The price of crude materials in the Producer Price Index (PPI) increased by 3.3% in January alone and now stands 21% above where it was just six months ago. Moreover, during the three months ending January, the rate of advance in the producer price indices for intermediate products, and finished goods have all accelerated into double digit annual rates of advance.
This upward adjustment of prices to the cheaper dollar is beginning to flow through to the consumer. For the past 3 months, the seasonally adjusted annualized rate of advance in the CPI is up to 3.9%, with food and energy prices – the items that have the greatest short-term impact on a family’s budget – accelerating to 3.1% and 27% over the same 3 months. Given the relative magnitudes of the dollar’s devaluation against gold, it is reasonable to expect consumer prices to be rising at a 5% plus annualized rate in the months ahead.
Fed Chairman Ben Bernanke’s assurance during last December’s interview on 60 Minutes that he was “100% certain” the Fed could control an outbreak of inflation above 2% was hubris. These data show that inflation has already broken out, and that there is little the Fed can do to stop the price indices from reflecting the dollar’s devaluation of the past two years. And, his statement last Friday in Paris at a meeting of the finance leaders of the Group of 20 that “resurgent demand in the emerging markets has contributed significantly to the sharp run-up in global commodity prices” ignores the central role of the dollar’s devaluation on rising global inflation.
Moreover, Bernanke’s promise to respond to higher inflation by raising the Fed Funds rate carries with it significant additional risks. Slowing the economy reduces the supply of goods and services relative to the supply of money, which itself can be inflationary. In addition, higher short-term interest rates increase the opportunity cost of holding currency and checking accounts, and therefore will lead to an increase in the turnover or velocity of money. That too will add upward pressure to prices.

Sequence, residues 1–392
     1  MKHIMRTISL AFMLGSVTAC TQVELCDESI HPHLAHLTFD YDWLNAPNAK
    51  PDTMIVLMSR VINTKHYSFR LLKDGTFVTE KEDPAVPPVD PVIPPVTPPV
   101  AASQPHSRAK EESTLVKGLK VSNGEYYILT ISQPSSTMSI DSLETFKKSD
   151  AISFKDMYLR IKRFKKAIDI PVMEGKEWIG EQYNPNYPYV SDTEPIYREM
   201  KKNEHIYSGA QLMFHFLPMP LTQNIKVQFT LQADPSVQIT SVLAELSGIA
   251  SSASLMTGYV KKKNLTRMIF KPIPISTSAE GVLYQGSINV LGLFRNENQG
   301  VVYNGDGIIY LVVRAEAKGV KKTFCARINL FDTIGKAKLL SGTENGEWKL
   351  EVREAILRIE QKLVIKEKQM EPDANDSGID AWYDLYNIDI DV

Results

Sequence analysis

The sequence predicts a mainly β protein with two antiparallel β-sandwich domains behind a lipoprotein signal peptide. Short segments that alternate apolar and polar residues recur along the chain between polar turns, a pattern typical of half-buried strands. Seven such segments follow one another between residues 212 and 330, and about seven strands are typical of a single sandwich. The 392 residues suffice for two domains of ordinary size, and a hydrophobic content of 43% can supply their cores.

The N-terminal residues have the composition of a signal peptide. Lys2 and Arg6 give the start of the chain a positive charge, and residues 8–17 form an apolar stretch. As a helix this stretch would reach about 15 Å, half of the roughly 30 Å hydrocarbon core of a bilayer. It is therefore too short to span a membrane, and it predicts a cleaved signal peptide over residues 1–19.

The experience of the 1970s illustrates the danger. The Fed raised the Fed Funds rate from a low of 3.3% in February 1972 to more than 10% in July 1973. But consumer price inflation continued to accelerate for the next year.
To avoid another extended period of high inflation and interest rates, the Fed and the Obama Administration need to acknowledge that the current, paper dollar system is deeply flawed and prone to error and instability. The alternative is a rules-based system in which the Fed begins to use quantitative tightening and easing to steady the value of the dollar as represented by the price of gold. A monetary system in which the dollar is as good as gold – for all of its imperfections – would quickly deliver price stability, low and stable interest rates, and increased financial security to the American people.